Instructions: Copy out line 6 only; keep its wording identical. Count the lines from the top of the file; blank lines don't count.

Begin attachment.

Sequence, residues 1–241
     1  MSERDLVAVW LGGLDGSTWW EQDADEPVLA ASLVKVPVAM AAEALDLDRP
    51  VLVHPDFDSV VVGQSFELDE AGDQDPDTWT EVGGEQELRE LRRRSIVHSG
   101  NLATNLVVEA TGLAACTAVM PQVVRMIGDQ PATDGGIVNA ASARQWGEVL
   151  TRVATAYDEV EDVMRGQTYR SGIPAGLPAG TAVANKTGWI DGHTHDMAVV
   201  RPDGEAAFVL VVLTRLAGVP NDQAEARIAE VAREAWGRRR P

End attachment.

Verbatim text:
   201  RPDGEAAFVL VVLTRLAGVP NDQAEARIAE VAREAWGRRR P